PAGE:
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The practical implications of Brexit for lenders and borrowers (2 of 3)

In the first article in our series we focussed on the practical implications of Brexit for lenders and borrowers, and their finance agreements. In this second article, we consider more specific impacts on the legal documentation and what points to look out for under your facilities agreement.

Practical steps

Look at the currency, and drawing and repayment profiles, and consider if these will be impacted indirectly by moves in exchange rates, inability to move funds, income and payments freely. Consider whether it would be useful to separate lending and/or separate tranches available to specific borrowers (to/within cross-border group) or from specific lenders.

If there is likely to be to vulnerability to EU-based payment and clearing systems, and ability to meet payments and repayments on time, then consider how this will impact payments and repayments.

What reliance on grants and subsidies? And impact on covenants or representations, or events of default?

In anticipation of an economic downturn, might financial covenants be tripped in your facilities agreement? Can you negotiate headroom on the covenants and/or incorporate more generous add-backs? Do you need to agree changes to financial covenants based on an individual entity or consolidated accounts of a pan-European group? Should you consider refinancing now, given current market terms and erosion of covenant protection?

Information covenants and compliance covenants - do these need to be reviewed specifically for EU operations, suppliers, customers, licenses, operating systems, etc. On Brexit, the UK will become a third country for the purposes of transferring personal data outside of the EU under the GDPR - on what legal basis will the business rely for transfers of personal data? Will this impact on the finance agreement, provision of information, information covenants, etc?

Representations and repeating reps – does the agreement require ongoing representations that all EU regulations are met? How is that defined? Do you need to amend the repeating reps to reflect the position going forward? Are there any other representations that might be difficult to comply with, going forward, from a practical perspective? They too might need to be reviewed and amended.

Events of default – do or should these include an event causing an adverse outcome or adverse impact on the business” or a change to the insolvency regime? Might this be triggered with Brexit? And what about cross-default & cross-acceleration provisions – look at these again to see what might happen on Brexit or any of the impacts following. Look at all of this in the context of the whole deal, including other group companies, other lenders and other financing arrangements. Also, look at how default is to be identified, policed and monitored.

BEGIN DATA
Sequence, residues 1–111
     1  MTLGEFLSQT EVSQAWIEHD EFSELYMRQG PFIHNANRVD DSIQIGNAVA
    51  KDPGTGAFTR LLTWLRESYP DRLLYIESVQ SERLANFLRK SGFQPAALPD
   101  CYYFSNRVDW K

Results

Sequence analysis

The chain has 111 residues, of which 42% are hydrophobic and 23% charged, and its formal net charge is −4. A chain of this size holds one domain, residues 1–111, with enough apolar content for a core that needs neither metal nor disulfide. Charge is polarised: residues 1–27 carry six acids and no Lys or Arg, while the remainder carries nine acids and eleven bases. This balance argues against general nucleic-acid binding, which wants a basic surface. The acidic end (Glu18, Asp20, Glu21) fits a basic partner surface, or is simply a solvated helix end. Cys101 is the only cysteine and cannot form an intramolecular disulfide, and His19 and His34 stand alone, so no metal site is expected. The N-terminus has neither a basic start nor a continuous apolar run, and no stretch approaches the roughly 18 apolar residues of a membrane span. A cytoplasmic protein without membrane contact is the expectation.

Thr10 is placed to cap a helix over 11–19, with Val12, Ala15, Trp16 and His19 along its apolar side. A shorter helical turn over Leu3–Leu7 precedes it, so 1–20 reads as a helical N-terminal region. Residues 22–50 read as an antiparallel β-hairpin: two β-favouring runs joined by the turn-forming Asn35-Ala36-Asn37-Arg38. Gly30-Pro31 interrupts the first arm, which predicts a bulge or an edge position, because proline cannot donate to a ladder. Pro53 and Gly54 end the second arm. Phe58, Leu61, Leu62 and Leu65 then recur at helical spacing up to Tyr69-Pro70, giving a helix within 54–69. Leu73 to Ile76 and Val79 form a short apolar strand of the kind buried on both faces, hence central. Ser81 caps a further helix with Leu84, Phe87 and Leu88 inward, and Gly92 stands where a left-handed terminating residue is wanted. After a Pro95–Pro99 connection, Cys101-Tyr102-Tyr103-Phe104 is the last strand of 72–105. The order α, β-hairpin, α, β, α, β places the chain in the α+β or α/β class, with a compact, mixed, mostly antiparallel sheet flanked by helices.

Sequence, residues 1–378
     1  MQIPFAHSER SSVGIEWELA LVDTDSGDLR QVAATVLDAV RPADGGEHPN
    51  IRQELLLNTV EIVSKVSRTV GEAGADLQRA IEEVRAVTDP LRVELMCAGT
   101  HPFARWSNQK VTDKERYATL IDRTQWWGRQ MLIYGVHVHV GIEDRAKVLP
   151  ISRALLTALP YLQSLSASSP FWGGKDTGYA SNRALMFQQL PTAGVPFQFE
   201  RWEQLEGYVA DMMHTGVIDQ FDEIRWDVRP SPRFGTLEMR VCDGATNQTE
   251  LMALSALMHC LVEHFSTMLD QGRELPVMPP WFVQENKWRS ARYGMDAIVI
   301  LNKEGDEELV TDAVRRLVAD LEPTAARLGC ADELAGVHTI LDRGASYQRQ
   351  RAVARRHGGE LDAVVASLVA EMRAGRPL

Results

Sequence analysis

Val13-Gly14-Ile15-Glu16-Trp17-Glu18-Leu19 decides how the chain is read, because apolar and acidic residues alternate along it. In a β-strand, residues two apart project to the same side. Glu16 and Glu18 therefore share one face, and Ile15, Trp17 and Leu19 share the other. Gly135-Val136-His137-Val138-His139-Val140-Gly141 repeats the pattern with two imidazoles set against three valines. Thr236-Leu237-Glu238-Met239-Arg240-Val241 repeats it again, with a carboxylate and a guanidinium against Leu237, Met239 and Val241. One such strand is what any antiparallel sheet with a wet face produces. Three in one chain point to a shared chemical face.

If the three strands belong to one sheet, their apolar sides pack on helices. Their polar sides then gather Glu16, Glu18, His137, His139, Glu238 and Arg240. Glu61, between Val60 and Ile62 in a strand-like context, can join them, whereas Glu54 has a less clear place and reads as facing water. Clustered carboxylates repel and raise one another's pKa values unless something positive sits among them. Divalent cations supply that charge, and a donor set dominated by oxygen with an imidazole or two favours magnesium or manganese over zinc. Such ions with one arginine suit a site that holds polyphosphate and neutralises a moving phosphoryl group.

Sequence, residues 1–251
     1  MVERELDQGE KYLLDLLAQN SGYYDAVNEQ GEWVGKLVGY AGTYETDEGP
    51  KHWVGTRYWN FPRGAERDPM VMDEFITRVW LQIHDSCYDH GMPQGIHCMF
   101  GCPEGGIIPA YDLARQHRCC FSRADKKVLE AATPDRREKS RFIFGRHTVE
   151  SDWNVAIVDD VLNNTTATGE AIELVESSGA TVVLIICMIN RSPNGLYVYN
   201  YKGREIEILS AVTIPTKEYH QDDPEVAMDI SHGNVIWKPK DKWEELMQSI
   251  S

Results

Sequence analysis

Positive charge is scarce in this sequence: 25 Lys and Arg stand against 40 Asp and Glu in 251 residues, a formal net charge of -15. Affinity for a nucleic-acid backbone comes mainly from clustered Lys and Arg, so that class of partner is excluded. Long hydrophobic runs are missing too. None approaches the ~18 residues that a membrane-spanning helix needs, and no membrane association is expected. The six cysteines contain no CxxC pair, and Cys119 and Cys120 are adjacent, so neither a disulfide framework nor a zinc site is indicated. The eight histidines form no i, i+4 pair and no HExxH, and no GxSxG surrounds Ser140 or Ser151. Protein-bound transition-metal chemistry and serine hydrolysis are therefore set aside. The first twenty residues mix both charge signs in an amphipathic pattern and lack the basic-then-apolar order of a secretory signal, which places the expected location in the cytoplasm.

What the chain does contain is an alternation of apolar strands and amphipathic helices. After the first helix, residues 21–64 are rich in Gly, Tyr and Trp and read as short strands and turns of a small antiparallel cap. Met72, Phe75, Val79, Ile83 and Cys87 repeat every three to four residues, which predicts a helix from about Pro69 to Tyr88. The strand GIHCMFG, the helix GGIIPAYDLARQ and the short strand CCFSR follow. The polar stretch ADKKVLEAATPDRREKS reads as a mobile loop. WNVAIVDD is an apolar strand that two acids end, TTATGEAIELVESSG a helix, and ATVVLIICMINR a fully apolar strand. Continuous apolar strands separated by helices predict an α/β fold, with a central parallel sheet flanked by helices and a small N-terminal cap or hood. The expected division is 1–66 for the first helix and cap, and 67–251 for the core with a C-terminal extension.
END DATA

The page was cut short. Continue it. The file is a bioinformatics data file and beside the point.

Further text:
Cross-collateralisation – similarly, where the group has cross-collateralised security, any changes to the documentation for any member of the group, or to their security or guarantees, may impact on the group as a whole and on the other members of the group individually.

Increased costs - is there or does there need to be specific carve-in or carve-out for Brexit, regulatory changes, new or additional licences, etc?

Do definitions refer to EU or EU law, and will those need to be changed?

How will a judgment obtained in the UK under the facilities or security agreements be enforced in the EU, or vice-versa, after Brexit?

From the lenders’ perspective, might lenders in UK will have to comply with both UK and EU regulation/supervision where it is a cross-border organisation or where lending cross-border? Consider a structure of lending through appropriately located front lender and on-lending (you would need to consider if this is legal under the applicable regulations, if there would be additional regulatory or licensing imperatives, credit risk, finance risk, need for back-to-back intra-lender contracts, capital adequacy requirements, tax liabilities, enforcement issues, etc).

And, might banks need to include bail-in terms specifically covering access to alternative bail-out provision? This will be relevant where there are hedging arrangements and possibly also where there is asset finance where the assets are in Europe.

Some key points to note

  • This article does not provide an exhaustive list – these are only some of the more likely impacts and implications for loan arrangements;
  • Please take advice from your legal team as even minor amendments can have wider implications than appear at first. In particular, where there are changes to facilities agreements, there are likely also to be implications for security and guarantees, and the whole transaction should be looked at in that context;
  • Where there is a borrower group then consider the cross-collateralisation position and the knock-on effect of an issue for any one of the members of the group on the rest, and on their loan arrangements;
  • Regardless of whether we exit in March, some time after or not at all, it was clear before the referendum in June 2016 that UK was pushing for changes in its relationship with EU – there is no going back to how it was before;
  • The government has the power to implement and make changes to in-flight financial services legislation for two years after the UK withdraws from the EU in a no-deal scenario.


This information is for educational purposes only and does not constitute legal advice. It is recommended that specific professional advice is sought before acting on any of the information given. © Shoosmiths LLP 2022.


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